- You can use AI-based tools to detect mistakes or language errors in your work or correct coding errors. By studying the errors flagged by AI, you can learn from them. You always have responsibility for the final text, so it is worth reviewing the changes suggested by AI before accepting the edited text.
- You can use AI-based tools to get ideas or a template for your own work. You can also receive feedback on your existing text and suggestions on how to improve the tone, structure, and argumentation of the text.
How do I know if I'm allowed to use AI-based tools on a course?
Hanken has specified cases where AI-based tools are not allowed. In addition to these cases, teachers may forbid the use of AI-based tools in a course when it prevents the completion of the course's competency goals.
If the use of AI-based tools is forbiden in a course, this should be stated in the detailed syllabus document on the course page in Moodle.
The situations and use cases that Hanken has forbidden include:
- All situations where the use of AI-based tools prevents completion of the course's competency goals, such as in courses where students are expected to create their own text and argumentation.
- Theses (applies to bachelor's and master's theses as a whole, and the main body of doctoral theses): It is forbidden to directly copy text created by AI-based tools or large language models and present it as your own. However, you are allowed to work with AI-based tools during the thesis process. Read more about AI and theses below.
- Maturity tests.
If the use of AI-generated text is discovered where it is not allowed, this constitutes cheating. Cheating is dealt with according to Hanken's action plan for Academic Dishonesty.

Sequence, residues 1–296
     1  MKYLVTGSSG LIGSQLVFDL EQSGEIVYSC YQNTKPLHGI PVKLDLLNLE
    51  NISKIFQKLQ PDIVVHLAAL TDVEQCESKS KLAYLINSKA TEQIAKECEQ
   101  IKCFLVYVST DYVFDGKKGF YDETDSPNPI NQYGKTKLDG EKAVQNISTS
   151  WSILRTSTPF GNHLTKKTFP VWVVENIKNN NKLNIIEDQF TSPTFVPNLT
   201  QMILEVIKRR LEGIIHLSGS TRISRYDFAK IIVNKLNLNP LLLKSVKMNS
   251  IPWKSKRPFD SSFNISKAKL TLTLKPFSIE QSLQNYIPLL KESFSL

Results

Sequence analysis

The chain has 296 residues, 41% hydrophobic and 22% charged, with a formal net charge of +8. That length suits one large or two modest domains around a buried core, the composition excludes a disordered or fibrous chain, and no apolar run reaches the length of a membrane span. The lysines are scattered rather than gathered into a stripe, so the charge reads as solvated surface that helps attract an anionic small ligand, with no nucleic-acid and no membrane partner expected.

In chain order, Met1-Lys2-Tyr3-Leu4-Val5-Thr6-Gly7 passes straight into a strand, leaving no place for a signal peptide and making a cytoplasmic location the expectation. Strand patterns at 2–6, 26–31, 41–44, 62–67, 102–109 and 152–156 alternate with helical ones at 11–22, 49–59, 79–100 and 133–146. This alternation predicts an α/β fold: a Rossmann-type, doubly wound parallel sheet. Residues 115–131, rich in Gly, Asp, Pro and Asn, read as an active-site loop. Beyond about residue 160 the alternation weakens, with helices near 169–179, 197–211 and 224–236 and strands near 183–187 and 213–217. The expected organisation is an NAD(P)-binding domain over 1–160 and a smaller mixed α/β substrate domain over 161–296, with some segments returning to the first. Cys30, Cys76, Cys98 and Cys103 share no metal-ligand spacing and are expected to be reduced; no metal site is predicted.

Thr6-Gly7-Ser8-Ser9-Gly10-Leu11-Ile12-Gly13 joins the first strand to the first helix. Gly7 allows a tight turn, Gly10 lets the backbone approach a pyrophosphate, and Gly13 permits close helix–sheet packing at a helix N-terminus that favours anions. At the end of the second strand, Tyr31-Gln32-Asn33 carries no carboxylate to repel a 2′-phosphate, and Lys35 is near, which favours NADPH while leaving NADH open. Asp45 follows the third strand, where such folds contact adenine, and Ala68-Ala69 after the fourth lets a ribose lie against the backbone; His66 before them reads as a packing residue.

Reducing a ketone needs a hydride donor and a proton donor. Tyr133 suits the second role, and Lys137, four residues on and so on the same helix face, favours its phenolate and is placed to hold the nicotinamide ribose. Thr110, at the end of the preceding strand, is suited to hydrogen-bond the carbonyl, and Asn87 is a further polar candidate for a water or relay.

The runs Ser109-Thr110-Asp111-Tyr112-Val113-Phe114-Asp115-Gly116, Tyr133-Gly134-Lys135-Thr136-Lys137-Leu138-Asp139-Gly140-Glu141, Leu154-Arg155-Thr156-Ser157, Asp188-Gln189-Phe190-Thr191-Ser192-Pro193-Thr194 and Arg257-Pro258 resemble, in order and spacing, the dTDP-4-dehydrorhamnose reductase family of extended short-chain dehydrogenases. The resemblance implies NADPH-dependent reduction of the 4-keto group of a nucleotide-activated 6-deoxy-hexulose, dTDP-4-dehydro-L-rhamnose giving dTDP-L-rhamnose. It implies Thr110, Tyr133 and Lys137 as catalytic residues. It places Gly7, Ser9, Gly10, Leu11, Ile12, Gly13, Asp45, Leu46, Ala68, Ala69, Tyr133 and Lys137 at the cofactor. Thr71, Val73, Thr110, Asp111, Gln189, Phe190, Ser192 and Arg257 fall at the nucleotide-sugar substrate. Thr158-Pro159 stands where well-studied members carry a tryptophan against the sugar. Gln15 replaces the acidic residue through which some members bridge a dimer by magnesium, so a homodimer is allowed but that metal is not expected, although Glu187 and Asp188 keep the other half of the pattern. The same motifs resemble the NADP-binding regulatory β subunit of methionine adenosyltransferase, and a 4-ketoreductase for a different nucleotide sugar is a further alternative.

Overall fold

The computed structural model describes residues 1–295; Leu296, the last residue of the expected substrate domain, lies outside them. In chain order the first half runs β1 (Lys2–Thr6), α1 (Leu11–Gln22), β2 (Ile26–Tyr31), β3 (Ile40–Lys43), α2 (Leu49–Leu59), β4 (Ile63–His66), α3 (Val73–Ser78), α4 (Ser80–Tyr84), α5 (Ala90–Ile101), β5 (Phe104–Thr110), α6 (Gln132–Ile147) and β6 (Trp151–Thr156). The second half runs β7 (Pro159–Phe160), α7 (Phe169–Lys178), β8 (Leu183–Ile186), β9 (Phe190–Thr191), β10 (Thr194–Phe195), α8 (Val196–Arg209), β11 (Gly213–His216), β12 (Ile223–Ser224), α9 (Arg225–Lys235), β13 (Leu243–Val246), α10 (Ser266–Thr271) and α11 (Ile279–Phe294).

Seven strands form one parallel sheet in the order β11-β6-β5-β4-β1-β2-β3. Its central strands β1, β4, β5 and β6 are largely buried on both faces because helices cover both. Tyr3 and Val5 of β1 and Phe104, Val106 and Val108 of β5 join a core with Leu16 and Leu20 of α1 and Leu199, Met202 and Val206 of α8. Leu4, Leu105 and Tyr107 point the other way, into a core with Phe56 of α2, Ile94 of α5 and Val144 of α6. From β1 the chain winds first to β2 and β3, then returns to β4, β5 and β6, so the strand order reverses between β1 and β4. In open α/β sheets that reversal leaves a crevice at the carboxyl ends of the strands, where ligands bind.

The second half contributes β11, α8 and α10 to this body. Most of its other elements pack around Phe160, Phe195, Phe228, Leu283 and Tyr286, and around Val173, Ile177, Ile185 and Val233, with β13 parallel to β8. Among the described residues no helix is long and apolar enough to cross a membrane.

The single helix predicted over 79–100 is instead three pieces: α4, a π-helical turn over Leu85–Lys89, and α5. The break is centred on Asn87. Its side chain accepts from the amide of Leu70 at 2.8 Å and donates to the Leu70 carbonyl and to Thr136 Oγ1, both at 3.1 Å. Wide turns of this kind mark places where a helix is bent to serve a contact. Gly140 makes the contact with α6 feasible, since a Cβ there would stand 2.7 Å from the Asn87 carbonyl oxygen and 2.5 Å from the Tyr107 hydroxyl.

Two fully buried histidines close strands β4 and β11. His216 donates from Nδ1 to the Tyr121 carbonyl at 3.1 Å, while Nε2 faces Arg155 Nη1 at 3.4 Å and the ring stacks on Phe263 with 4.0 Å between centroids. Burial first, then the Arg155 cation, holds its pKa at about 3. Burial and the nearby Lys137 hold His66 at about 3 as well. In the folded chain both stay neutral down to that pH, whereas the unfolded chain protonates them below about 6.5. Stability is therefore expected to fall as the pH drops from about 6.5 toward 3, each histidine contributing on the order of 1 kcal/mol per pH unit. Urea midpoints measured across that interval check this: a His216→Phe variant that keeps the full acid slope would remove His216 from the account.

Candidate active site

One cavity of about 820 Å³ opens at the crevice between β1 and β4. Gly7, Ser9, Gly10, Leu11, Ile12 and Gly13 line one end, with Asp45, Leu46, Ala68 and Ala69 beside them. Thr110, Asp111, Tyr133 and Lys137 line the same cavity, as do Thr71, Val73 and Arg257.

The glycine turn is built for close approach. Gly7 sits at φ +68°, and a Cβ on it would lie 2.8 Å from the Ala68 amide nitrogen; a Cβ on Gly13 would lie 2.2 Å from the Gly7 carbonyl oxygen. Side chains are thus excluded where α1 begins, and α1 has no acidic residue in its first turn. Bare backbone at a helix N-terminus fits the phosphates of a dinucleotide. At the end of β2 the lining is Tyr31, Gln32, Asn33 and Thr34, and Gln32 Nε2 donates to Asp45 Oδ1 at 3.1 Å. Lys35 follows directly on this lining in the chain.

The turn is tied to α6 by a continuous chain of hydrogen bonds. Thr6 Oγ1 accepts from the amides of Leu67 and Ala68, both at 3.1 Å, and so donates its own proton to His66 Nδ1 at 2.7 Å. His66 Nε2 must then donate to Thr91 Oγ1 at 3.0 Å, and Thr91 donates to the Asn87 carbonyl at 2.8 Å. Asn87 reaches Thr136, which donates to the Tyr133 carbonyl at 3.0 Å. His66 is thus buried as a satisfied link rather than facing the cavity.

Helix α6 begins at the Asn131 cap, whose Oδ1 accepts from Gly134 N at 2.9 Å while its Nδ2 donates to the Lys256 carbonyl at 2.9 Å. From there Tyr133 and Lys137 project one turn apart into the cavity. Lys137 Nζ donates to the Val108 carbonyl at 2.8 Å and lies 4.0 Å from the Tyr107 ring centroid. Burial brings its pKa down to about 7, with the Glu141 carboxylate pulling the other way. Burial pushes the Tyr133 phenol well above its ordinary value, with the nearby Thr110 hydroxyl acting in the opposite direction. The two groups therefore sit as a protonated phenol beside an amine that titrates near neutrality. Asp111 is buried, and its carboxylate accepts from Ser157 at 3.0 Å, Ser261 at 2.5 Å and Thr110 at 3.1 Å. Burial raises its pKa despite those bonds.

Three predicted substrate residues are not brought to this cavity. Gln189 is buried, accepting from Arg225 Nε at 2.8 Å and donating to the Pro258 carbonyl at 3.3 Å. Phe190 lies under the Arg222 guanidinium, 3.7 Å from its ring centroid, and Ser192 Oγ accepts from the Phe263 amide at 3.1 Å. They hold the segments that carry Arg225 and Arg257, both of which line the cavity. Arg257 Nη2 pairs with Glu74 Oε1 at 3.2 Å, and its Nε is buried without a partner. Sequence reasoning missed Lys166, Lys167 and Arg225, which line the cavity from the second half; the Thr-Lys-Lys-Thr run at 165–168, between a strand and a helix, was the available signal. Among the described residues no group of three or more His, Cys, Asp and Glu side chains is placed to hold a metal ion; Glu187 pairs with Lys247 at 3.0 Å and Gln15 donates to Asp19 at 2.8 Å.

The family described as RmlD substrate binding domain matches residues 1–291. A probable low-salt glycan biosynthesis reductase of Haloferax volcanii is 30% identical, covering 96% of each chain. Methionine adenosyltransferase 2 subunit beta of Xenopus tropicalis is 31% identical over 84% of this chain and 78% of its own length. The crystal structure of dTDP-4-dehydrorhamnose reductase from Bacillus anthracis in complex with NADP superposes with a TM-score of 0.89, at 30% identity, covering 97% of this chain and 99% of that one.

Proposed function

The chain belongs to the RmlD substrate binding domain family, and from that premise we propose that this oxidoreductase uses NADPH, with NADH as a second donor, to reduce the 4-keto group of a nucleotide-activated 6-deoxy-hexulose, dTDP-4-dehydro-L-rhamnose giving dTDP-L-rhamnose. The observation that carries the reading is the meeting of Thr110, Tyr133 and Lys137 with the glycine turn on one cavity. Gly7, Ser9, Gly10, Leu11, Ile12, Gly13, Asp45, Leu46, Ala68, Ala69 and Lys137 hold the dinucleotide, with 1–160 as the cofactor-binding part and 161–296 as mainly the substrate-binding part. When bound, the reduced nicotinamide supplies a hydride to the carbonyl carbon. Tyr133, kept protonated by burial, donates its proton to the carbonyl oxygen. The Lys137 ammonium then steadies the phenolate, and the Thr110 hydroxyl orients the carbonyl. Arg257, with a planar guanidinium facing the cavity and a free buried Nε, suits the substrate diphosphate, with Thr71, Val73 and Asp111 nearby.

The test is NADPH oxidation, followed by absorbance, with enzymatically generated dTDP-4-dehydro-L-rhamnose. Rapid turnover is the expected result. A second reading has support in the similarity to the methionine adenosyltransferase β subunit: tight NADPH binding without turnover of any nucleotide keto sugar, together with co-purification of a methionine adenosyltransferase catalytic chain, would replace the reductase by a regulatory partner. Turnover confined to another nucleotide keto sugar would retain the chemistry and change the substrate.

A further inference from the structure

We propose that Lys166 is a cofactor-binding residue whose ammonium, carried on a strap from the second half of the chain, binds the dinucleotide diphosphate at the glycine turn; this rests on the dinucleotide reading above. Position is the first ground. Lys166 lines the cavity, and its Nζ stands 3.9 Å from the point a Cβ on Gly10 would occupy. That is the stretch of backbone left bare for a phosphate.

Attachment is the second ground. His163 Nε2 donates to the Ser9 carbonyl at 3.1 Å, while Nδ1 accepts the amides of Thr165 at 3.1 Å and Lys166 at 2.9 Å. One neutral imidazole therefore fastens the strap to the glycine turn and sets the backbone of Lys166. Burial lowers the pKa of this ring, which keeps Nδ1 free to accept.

AI and theses
AI-based tools can be used during the thesis process as long as you follow the following two basic principles:
- You must always clearly explain how you have used AI-based tools in your work.
- You must never directly copy and claim as your own any text created by AI-based tools.
If you do not follow these two rules, your thesis may be failed. A failed thesis means that you must start over with a new topic. You cannot continue with the same research question.
How can AI-based tools be used during the thesis process?
AI-based tools can be useful in explaining the relationships between two different phenomena, a phenomenon and a theory, or different theoretical concepts. Especially when the keywords you want to learn about are very basic and stable, AI-based tools can generate clear explanations. You are allowed to use AI-based tools to make inquiries and to get an initial understanding of a new area or to test whether a real-world phenomenon appears relevant to a specific theoretical perspective (or vice versa). However, note that there is no guarantee that the answer generated by large language models is true, and that AI-based tools can produce fabricated references and "facts". You must verify the ideas suggested by AI-based tools and find sources that confirm them.